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What Minnesota landlords need to know about the eviction moratorium
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What Minnesota landlords need to know about the eviction moratorium

Throughout most of 2020, an eviction moratorium was in place in Minnesota that prevented landlords from evicting their tenants for failure to pay rent on time. Most people expected this moratorium to end sometime in early 2021. However, Governor Walz issued an executive order extending the moratorium, and could do so again. If you are a landlord in the Minneapolis area, here’s what this means for you.

Does this mean I can’t evict under any circumstances?

No. Even under the extended moratorium, you can still evict tenants for extraordinary circumstances, such as if:

  • The tenant poses a threat to other tenants
  • The tenant is engaging in illegal activity on your property
  • The tenant has significantly damaged your property
  • Your property manager needs to move into the premises

The moratorium simply prohibits you from using the tenant’s failure to pay rent in a timely manner as your justification for evicting them.

What would happen if I evicted anyway?

Your tenant would have a legitimate cause of action against you. They could easily bring a lawsuit against you for violation of the executive order, and you could face legal penalties.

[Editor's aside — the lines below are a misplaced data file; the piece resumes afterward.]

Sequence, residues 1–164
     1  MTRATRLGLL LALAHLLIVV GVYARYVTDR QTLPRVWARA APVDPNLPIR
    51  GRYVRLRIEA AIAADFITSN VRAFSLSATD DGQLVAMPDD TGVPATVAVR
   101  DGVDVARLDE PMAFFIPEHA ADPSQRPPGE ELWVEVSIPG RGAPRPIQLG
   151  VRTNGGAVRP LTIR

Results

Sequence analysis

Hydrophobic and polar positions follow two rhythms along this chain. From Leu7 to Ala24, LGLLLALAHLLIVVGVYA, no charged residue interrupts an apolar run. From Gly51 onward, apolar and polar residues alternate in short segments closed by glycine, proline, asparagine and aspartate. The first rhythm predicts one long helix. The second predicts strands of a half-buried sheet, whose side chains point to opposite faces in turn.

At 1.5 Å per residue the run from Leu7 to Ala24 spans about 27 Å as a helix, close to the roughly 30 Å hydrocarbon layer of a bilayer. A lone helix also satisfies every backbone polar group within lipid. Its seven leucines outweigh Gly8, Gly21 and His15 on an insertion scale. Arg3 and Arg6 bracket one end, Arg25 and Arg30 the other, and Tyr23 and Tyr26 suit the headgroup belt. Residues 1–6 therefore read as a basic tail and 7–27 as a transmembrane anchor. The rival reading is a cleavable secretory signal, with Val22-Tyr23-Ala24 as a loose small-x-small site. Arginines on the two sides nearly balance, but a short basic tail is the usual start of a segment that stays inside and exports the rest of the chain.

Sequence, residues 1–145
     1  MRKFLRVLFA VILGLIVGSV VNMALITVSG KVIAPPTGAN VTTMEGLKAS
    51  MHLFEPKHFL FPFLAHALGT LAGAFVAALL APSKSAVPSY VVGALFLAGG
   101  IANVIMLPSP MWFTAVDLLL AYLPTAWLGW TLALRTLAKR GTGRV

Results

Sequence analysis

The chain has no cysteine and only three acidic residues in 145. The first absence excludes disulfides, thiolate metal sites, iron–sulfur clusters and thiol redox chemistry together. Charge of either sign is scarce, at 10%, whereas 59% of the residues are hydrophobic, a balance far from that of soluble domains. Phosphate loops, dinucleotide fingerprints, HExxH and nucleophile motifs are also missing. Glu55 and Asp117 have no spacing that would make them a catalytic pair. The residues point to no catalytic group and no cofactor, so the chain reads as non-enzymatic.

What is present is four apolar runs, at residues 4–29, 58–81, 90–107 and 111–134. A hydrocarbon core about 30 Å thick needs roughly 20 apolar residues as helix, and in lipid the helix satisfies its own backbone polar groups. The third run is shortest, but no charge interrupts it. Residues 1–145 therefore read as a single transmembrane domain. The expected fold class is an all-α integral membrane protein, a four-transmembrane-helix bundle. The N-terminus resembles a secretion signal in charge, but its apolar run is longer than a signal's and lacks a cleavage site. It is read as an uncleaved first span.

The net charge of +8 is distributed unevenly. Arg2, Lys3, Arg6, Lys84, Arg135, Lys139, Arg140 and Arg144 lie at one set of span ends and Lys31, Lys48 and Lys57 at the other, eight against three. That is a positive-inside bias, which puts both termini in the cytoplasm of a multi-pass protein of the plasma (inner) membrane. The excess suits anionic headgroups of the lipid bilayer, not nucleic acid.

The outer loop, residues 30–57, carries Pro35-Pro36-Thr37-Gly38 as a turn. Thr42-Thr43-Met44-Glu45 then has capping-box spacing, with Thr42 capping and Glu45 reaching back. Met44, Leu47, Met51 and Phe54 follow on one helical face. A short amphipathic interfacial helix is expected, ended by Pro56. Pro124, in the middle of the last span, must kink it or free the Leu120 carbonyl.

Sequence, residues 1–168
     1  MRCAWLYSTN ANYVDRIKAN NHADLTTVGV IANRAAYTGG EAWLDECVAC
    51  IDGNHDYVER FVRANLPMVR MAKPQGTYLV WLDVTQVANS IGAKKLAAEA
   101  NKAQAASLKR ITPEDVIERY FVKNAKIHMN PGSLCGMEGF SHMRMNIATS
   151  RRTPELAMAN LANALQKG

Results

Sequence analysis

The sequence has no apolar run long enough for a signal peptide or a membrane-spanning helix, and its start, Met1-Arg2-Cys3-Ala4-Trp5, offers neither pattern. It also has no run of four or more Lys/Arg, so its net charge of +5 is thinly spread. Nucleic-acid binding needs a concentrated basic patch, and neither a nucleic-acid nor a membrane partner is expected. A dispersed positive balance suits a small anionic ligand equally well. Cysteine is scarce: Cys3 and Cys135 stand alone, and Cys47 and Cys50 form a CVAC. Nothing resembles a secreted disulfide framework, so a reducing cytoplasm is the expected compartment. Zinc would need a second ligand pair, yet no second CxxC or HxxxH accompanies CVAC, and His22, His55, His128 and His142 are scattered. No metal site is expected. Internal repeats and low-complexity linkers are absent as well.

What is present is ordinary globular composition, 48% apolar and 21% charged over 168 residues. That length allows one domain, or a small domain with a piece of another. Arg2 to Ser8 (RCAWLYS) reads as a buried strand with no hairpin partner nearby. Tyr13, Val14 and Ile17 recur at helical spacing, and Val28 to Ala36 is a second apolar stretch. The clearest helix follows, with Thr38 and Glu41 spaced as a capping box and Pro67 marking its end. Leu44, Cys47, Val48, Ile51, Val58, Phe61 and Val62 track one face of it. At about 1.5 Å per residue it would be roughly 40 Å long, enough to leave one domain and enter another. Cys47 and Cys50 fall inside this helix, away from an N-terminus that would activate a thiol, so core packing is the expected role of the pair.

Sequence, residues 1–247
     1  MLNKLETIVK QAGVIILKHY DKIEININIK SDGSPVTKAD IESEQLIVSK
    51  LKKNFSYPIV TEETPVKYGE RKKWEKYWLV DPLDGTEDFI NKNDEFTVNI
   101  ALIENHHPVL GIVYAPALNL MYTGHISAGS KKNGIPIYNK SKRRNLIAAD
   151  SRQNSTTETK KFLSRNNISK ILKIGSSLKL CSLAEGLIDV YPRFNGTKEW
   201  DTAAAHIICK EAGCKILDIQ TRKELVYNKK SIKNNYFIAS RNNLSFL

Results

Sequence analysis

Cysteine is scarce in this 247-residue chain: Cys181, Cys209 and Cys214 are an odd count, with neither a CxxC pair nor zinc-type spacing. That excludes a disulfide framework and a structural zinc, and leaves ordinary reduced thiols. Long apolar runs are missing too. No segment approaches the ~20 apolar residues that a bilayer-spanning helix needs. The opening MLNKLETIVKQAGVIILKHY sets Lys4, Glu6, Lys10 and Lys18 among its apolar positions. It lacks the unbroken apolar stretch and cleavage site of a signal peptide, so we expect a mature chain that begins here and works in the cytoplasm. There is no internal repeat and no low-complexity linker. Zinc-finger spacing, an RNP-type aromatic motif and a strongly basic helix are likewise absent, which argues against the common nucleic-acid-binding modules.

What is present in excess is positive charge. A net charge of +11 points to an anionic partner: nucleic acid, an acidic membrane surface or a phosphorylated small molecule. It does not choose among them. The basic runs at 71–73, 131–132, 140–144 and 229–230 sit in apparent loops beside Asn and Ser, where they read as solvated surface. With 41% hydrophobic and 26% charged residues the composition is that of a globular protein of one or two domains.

What will my options be once the moratorium ends?

The moratorium does not forgive rent owed. Once the moratorium ends, you will be able to bring legal action against your tenant to collect all of the back rent that they didn’t pay since the moratorium began.

What if I was in the process of evicting when the moratorium began?

The moratorium put any pending eviction actions on hold. When it ends, you will be able to resume the process. If your tenant commits one of the above prohibited actions (such as damaging your property excessively), you could finish the eviction process even during the moratorium.

Being a landlord is a difficult job even under normal circumstances. Executive orders and government mandates complicate your job considerably. Do not hesitate to consult an experienced real estate attorney for assistance with vindicating your rights during and after the moratorium.